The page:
PHIL 108 Differences of Active vs Passive Euthanasia Comparison Paper

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Question Description

The assignment attached is what you will reference

This second written assignment is a four-part exercise comprised of the following sections:

  1. Ethical Question
  2. Introduction
  3. Explanation of the Ethical Theory
  4. Application of the Ethical Theory

For sections (1) and (2) revise and expand on what you did in the first assignment.

Sections (3) and (4) are new.

The main purpose of this paper is to define the nature and scope of the ethical theory in a way that shows how the core principle(s) of that theory lead to a specific moral conclusion on your ethical question. Another way to think of this is to explain how someone who is fully committed to the moral reasoning of the ethical theory would answer your ethical question (even if it is not necessarily how you would answer the question).

The assignment should be 900 to 1,000 words, written in essay form with clearly labeled sections as indicated below, and include a title page and reference page.

Part 1: Ethical Question

State the ethical question beneath this heading.

  • This question should be on the same topic as the question presented in the week one assignment, and if necessary, revised based on your instructor’s comments and the additional insight and information you have gained from research on the topic. If you would like to switch topics, you should first consult with your instructor.

Place your ethical question beneath the Part 1: Ethical Question heading.

Part 2: Introduction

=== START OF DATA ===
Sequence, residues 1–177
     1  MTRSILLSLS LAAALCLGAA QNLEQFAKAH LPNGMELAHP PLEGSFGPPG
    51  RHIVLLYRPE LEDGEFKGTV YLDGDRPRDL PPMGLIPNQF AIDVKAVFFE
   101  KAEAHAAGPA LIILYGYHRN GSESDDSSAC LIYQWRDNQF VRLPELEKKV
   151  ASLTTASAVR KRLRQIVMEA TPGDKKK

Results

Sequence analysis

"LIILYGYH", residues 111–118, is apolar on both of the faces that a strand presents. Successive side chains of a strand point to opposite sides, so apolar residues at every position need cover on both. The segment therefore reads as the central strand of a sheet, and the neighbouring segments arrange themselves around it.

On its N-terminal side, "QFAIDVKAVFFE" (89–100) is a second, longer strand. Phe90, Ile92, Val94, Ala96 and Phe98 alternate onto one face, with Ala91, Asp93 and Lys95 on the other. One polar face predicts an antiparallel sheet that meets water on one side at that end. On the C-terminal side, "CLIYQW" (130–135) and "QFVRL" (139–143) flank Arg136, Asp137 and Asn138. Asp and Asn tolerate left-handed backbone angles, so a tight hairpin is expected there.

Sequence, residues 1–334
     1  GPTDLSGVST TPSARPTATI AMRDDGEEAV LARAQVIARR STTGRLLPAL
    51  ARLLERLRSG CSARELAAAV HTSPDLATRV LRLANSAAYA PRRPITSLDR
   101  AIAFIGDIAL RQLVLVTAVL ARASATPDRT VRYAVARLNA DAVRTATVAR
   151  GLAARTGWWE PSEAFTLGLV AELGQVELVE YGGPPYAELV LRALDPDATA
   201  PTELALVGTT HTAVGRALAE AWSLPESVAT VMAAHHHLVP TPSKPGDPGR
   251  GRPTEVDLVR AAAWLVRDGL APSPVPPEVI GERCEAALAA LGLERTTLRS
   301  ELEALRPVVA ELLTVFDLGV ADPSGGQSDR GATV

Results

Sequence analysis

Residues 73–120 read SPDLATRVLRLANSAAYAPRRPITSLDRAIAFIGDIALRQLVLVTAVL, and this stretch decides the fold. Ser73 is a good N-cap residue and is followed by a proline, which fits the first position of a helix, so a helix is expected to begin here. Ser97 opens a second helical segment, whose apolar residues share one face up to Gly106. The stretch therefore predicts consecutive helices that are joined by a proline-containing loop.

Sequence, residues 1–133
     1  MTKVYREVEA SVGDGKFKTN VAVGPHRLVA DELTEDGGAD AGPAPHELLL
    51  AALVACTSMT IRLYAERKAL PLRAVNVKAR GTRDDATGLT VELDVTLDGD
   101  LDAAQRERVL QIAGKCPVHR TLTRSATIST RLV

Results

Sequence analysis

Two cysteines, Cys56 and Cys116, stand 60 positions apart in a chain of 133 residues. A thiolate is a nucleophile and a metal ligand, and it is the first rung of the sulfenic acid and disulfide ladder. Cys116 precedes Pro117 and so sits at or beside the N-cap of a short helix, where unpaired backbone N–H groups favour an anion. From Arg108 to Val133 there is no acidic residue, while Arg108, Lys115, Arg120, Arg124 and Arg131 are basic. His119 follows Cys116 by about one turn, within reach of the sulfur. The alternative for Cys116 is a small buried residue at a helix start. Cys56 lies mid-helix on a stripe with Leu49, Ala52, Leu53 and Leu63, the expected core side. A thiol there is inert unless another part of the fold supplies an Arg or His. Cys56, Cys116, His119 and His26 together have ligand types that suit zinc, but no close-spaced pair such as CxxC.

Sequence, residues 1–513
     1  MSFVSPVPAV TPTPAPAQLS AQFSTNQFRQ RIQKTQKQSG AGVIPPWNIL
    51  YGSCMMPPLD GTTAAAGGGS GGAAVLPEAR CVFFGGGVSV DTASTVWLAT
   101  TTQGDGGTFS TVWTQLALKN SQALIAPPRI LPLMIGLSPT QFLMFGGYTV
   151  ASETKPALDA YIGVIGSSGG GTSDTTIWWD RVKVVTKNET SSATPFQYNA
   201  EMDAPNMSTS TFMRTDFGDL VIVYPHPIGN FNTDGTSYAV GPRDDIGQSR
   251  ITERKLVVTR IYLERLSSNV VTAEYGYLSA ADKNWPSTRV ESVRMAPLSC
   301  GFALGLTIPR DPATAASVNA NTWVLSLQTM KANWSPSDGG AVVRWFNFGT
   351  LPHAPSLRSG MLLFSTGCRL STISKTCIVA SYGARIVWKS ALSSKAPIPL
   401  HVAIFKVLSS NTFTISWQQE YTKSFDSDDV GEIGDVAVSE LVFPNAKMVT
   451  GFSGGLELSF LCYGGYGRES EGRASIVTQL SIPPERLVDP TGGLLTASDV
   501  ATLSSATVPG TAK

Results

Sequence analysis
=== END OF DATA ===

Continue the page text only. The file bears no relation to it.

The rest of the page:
Provide an introduction to the topic and question.

  • This should be revised and expanded from the Week 1 Introduction in light of your instructor’s comments and the additional insight and information you have gained from research on the topic.
  • For instance, you may find that your original ideas about the issue have changed and clarified, that the focus of the ethical question has shifted or become more specific, and/or that there are important background and contextual details that need to be explained.
  • The revised introduction should reflect your additional thinking on the scope and significance of the ethical issue, and address any feedback provided by your instructor.
  • The introduction should be at least 300 words in one or two paragraphs.

Place the introduction material under the Part 2: Introduction heading.

Part 3: Explanation of the Ethical Theory

Ethical theories provide accounts of how to reason well about moral questions and of what justifies answers to those questions. In this section of the paper, you will discuss either the ethical theory of utilitarianism, deontology, or virtue ethics.

You should not discuss your topic in this section, but focus only on the ethical theory.

The discussion should include the following elements:

  • A brief account of the historical background of the theory and the philosopher(s) associated with it.
  • An explanation of the core moral principle of the theory, or if there is more than one, the principle that you will focus on in applying that theory to your question.
  • A brief, general explanation of how the theory and its core moral principle applies to moral questions, using an example different from the issue that is the main focus of your paper. (For example, if your focus is on how deontology applies to using animals in medical research, you could explain Kant’s moral theory by discussing how it would apply to an issue like lying for the sake of the greater good.)
  • This section should focus only on the ethical theory. For instance, if you are discussing physician-assisted suicide from a utilitarian perspective, this section should only discuss utilitarianism in general terms; you should not discuss physician-assisted suicide, euthanasia, or other related topics until the next section.